Last week, I attended a Co-op presentation where they had mentioned they usually only get about 20 people qualified for doing and attending coop which starts second year, second semester. For coop you must have a minimum major average of 70, and minimum non average of 65. I found it hard to believe that not many students manage to continue in coop. If you take the time and focus on your studies, obtaining a decent average shouldn't be difficult specially when you have background experience from grade 12 comp sci.

Depending on which professors you get, from the ones I've had for Comp Sci courses, they don't have office hours and TA's aren't that useful. For the math courses, most of my profs have office hours and they are of great help. I mostly study on my own, so I don't really depend on lectures for the material I grasp.

Again it really depends on the person, a person who has a good study routine should not have a problem. I hope this was some sort of help to you but do not only depend on what I say as different people have different perspectives.

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A photo of JohnEwards18 JohnEwards18

@LindaS wrote
Experience is important if you plan to go to work after university.
Prestige is important if your plan to go to grad school and work in research.
It all depends on the path you want to take.

Also, I wouldn't say u of t compsci is very prestigious.



I would agree with the experience, however prestige in terms of grad school won't matter for me as if I continuing in Computer Science at Brock and obtain a first/second class Honours degree, anywhere in the country should accept me for doing a Masters in Computer Science.

My general problem is, when you are competing for a job position in the industry after graduation, and they have all these applicants, how do they separate the ones they want from the ones they don't. I know that they will keep students with experience in a good pile however won't they also do the same for students who went to a prestigious school?

Its really about what weighs more but of-course there are other factors into play.
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A photo of madox madox

@LindaS wrote

@madox wrote

@LindaS wrote
Experience is important if you plan to go to work after university.
Prestige is important if your plan to go to grad school and work in research.
It all depends on the path you want to take.

Also, I wouldn't say u of t compsci is very prestigious.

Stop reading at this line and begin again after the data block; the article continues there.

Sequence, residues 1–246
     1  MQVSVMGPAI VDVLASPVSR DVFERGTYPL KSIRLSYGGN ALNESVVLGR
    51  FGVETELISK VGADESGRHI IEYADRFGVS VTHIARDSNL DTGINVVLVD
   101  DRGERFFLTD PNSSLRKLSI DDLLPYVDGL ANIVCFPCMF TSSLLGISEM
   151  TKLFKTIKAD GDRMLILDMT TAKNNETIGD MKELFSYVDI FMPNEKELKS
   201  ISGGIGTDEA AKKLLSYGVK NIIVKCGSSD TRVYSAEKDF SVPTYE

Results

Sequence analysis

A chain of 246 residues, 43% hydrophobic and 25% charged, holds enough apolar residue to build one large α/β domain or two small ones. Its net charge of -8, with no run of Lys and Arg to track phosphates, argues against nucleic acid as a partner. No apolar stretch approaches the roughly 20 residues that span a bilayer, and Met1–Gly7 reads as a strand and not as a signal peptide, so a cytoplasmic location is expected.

lolwut?



What I meant is that the people there didn't seem that snobby.
I'm not discrediting U of T compsci's reputation, I think it's the best in Canada.
I'm just saying that if prestige is the only thing you're going for, then you would to to one of the top 10 unis:
http://www.university-list.net/rank/univ-110057.html



Just because the people at U of T weren't snobby doesn't mean its not a prestigious school. But I know what you mean...when I think of or see a harvard or yale student, they seem to come from a richer family and act better and such.
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A photo of LindaS LindaS

@JohnEwards18 wrote

@LindaS wrote
Experience is important if you plan to go to work after university.
Prestige is important if your plan to go to grad school and work in research.
It all depends on the path you want to take.

Also, I wouldn't say u of t compsci is very prestigious.



I would agree with the experience, however prestige in terms of grad school won't matter for me as if I continuing in Computer Science at Brock and obtain a first/second class Honours degree, anywhere in the country should accept me for doing a Masters in Computer Science.

My general problem is, when you are competing for a job position in the industry after graduation, and they have all these applicants, how do they separate the ones they want from the ones they don't. I know that they will keep students with experience in a good pile however won't they also do the same for students who went to a prestigious school?

Its really about what weighs more but of-course there are other factors into play.



If you graduate with honors, then I'd like to think that would give your a great advantage. I also heard that it's really important to get a good reference because that will largely affect their decision. That way, I think you should go/or stay, where you can get a few profs to really like you, so they'll want to give a good reference.

I'm not sure about CS, but I know that for engineering, the curriculum is pretty much the same nationwide. I'm guessing that it's the same for CS...???